By Tiana Lowe
Friday, June 02, 2017
In 1999, the Evergreen State College of Washington featured convicted cop-killer and Black Panther Mumia Abu-Jamal as its commencement speaker via a recording. Abu-Jamal was on death row and could not attend, yet the college eagerly gave him a platform to speak. Eighteen years later, Evergreen State refuses to protect the physical safety and free-speech rights of its own professors from the threats and aggression of student protesters with a sadly familiar illiberal bent.
In a shakeup of Evergreen’s traditional Day of Absence — a day when black students leave campus to evoke the spirit of the Douglas Turner Ward play — student activists this year requested that all the campus’s white members leave instead. Bret Weinstein, an evolutionary-biology professor and Bernie Sanders–supporting progressive, sent an e-mail to his fellow professors taking issue with the change-up on the grounds that while it made sense for students of color to willfully leave campus to “highlight their vital and underappreciated roles,” forcing every white member of campus to leave would be “an act of oppression in and of itself.”
Within days, vitriolic student mobs took over Weinstein’s classroom, screaming at him, calling him a racist, and demanding his resignation. When videos of the mobs made it to YouTube, the protesters demanded that the videos be taken down. Rather than ignoring the disruption and demands of students — including “the immediate disarming of police services” and “mandatory sensitivity and cultural competency training for faculty, staff, administrators, and student employees” — Evergreen’s president, George Bridges, actively enabled them, excusing protesters from homework, instituting said mandatory sensitivity training for all college employees, creating a new equity center, and launching “an extensive forensic investigation” to “seek criminal charges” against whoever posted the videos to YouTube. While local police chief Stacy Brown told Weinstein to remain off campus as law enforcement could not guarantee his safety, Bridges lauded the protesters’ “passion and courage.”
In short, the threat of violence has suppressed open discourse at Evergreen State, and the administration has assisted the student mob every step of the way.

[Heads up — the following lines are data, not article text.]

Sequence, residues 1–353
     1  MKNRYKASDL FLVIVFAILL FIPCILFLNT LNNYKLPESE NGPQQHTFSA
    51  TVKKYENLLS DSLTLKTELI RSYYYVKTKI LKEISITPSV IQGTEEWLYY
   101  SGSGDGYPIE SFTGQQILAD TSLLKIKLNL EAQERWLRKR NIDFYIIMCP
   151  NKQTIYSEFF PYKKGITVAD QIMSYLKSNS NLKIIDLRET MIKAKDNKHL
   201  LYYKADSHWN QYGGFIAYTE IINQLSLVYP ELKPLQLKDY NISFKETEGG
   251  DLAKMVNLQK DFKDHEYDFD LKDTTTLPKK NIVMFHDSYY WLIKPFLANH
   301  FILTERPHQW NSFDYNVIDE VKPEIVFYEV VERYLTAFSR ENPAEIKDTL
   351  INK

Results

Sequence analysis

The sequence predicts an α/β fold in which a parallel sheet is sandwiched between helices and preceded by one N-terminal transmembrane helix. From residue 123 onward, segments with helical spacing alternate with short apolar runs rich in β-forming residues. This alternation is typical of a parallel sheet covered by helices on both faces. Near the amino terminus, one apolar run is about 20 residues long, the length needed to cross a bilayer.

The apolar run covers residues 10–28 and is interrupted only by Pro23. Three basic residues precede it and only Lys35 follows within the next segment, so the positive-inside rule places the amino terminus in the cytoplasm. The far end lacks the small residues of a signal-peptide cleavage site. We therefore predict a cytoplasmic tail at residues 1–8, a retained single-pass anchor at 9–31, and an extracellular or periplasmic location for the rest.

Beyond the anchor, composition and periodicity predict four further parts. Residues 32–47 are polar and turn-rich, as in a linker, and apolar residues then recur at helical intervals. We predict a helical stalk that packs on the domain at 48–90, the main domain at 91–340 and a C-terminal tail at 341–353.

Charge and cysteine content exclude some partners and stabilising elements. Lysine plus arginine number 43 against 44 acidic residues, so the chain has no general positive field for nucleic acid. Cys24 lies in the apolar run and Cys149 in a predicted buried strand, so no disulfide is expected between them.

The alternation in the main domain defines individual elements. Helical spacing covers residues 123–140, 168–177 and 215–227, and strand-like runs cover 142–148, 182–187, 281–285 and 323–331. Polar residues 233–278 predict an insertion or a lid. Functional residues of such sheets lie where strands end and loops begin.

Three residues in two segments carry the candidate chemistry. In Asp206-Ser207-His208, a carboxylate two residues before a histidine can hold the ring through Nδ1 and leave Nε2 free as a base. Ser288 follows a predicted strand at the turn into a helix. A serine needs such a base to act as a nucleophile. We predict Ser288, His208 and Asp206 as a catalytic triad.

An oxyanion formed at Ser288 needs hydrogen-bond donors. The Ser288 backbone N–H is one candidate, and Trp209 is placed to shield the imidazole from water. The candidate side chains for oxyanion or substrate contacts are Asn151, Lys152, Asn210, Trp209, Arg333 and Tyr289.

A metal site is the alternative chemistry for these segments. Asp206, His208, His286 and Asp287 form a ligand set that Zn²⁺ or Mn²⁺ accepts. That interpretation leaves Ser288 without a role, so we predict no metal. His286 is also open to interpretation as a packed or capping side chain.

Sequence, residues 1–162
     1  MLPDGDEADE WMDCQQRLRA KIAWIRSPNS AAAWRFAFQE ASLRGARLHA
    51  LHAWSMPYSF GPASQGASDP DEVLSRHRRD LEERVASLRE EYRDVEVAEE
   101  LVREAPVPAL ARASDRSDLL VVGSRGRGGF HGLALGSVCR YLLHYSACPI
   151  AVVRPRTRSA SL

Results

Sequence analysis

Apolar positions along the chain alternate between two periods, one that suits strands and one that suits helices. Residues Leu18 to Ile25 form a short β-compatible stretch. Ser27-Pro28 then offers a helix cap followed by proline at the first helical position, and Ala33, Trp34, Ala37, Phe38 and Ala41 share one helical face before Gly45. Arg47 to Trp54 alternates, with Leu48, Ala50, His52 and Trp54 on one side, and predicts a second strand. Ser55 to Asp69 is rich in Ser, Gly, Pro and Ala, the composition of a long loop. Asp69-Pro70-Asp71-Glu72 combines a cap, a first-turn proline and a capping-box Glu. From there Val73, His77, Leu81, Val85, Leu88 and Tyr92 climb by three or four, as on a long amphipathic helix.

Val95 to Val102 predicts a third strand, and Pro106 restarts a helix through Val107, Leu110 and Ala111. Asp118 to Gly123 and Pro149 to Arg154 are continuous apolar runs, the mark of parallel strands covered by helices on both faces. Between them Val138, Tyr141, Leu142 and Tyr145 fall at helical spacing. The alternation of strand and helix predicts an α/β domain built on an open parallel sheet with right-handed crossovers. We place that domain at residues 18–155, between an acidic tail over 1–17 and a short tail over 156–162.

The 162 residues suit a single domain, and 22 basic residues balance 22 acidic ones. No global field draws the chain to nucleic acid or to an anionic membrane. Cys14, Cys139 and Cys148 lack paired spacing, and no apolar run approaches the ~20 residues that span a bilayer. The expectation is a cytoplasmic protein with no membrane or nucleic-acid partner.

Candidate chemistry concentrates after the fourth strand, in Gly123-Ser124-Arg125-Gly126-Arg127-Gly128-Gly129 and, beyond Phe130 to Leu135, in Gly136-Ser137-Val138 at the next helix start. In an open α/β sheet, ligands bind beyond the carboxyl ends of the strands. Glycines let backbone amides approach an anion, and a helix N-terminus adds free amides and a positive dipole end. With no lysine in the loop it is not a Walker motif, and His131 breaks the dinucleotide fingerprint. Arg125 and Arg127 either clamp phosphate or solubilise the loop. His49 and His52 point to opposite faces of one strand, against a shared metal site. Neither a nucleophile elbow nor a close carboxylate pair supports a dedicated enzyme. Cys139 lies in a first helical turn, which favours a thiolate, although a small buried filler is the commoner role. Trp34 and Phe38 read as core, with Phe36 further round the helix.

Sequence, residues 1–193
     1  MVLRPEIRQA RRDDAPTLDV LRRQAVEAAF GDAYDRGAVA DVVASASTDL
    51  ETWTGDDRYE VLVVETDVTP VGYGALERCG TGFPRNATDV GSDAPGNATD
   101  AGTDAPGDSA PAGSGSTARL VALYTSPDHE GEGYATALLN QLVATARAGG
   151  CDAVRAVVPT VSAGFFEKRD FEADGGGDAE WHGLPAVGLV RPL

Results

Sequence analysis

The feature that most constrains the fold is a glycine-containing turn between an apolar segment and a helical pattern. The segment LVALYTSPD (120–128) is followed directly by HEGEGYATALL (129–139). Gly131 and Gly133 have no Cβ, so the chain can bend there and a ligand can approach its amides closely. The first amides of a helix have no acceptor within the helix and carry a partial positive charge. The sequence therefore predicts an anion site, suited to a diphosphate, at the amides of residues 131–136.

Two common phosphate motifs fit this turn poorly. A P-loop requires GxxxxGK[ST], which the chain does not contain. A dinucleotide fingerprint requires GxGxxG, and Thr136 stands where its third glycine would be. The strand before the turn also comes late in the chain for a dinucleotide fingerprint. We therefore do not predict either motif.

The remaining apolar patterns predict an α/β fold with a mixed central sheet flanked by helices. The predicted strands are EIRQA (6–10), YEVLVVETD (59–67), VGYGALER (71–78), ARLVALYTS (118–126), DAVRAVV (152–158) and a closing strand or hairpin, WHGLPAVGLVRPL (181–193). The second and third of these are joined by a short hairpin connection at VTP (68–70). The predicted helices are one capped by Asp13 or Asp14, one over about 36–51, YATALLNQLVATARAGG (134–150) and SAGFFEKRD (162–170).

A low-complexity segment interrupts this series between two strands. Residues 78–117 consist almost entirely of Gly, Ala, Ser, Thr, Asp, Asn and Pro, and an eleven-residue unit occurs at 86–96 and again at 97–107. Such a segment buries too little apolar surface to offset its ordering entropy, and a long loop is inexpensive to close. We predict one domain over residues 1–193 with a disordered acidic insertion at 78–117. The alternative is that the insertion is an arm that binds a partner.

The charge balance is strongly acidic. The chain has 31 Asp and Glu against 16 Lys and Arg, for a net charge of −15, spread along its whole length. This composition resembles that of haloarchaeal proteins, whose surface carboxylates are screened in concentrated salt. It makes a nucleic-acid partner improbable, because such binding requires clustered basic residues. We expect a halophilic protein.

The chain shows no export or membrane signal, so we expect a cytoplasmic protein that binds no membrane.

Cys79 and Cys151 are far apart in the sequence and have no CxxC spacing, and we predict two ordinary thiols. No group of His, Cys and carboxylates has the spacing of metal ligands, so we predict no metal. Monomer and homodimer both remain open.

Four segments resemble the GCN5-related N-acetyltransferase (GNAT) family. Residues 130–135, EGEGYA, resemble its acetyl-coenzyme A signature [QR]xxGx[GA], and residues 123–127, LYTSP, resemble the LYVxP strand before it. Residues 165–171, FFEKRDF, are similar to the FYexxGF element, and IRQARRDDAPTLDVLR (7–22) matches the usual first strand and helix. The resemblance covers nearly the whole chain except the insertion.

In a live episode of The Rubin Report yesterday, Weinstein told host Dave Rubin (the gay, liberal former Young Turk from Los Angeles who was accused of “Nazi sympathizing” by Evergreen State students on Twitter) that he did not personally blame Bridges for the mob fury, and that while the protesters have plunged Evergreen State into a crisis, the school itself is composed of “learning communities that really function.”
Weinstein is wrong that Evergreen State is worth saving. Public funding constitutes 46 percent of Evergreen’s annual revenue — $55.2 million from state appropriations and $32.3 million in state and federal grants. A public college that cannot defend the First Amendment or even the basic safety of its professors doesn’t deserve a cent of the taxpayers’ money.
Campus Reform reports today that Washington State legislators have finally reached the same conclusion. Lawmakers led by Republican representative Matt Manweller have introduced a bill to revoke $24 million in annual funding from the school immediately.
“These students and their administration are trying to undo the Civil Rights Movement,” Manweller told Campus Reform. “They are trying to re-institute a Jim Crow approach to education that Americans rejected over 50 years ago.”
If passed, the bill — which will be accompanied by a formal request to the state Human Rights Commission to investigate Evergreen’s civil-rights infractions — would send a strong message to the increasingly violent anti-free-speech protesters who have recently shut down speaking events at public universities such as UC Berkeley and Cal State LA.
Washington’s Democratic governor, Jay Inslee, just won reelection and would almost certainly veto any bill defunding Evergreen if it reached his desk. But with the razor-thin Republican majority in the state legislature currently imperiled by a looming special election, Washington still has an immediate window of opportunity to show other states how to defend the public’s constitutional rights to free assembly and discourse.
While the government cannot — and should not — crack down on the actions of private universities, it has a legal and moral duty to uphold the Constitution in public spaces. Washington’s legislature ought to defund Evergreen State and bring the country one step closer to breaking the student mob’s chokehold on the American college campus.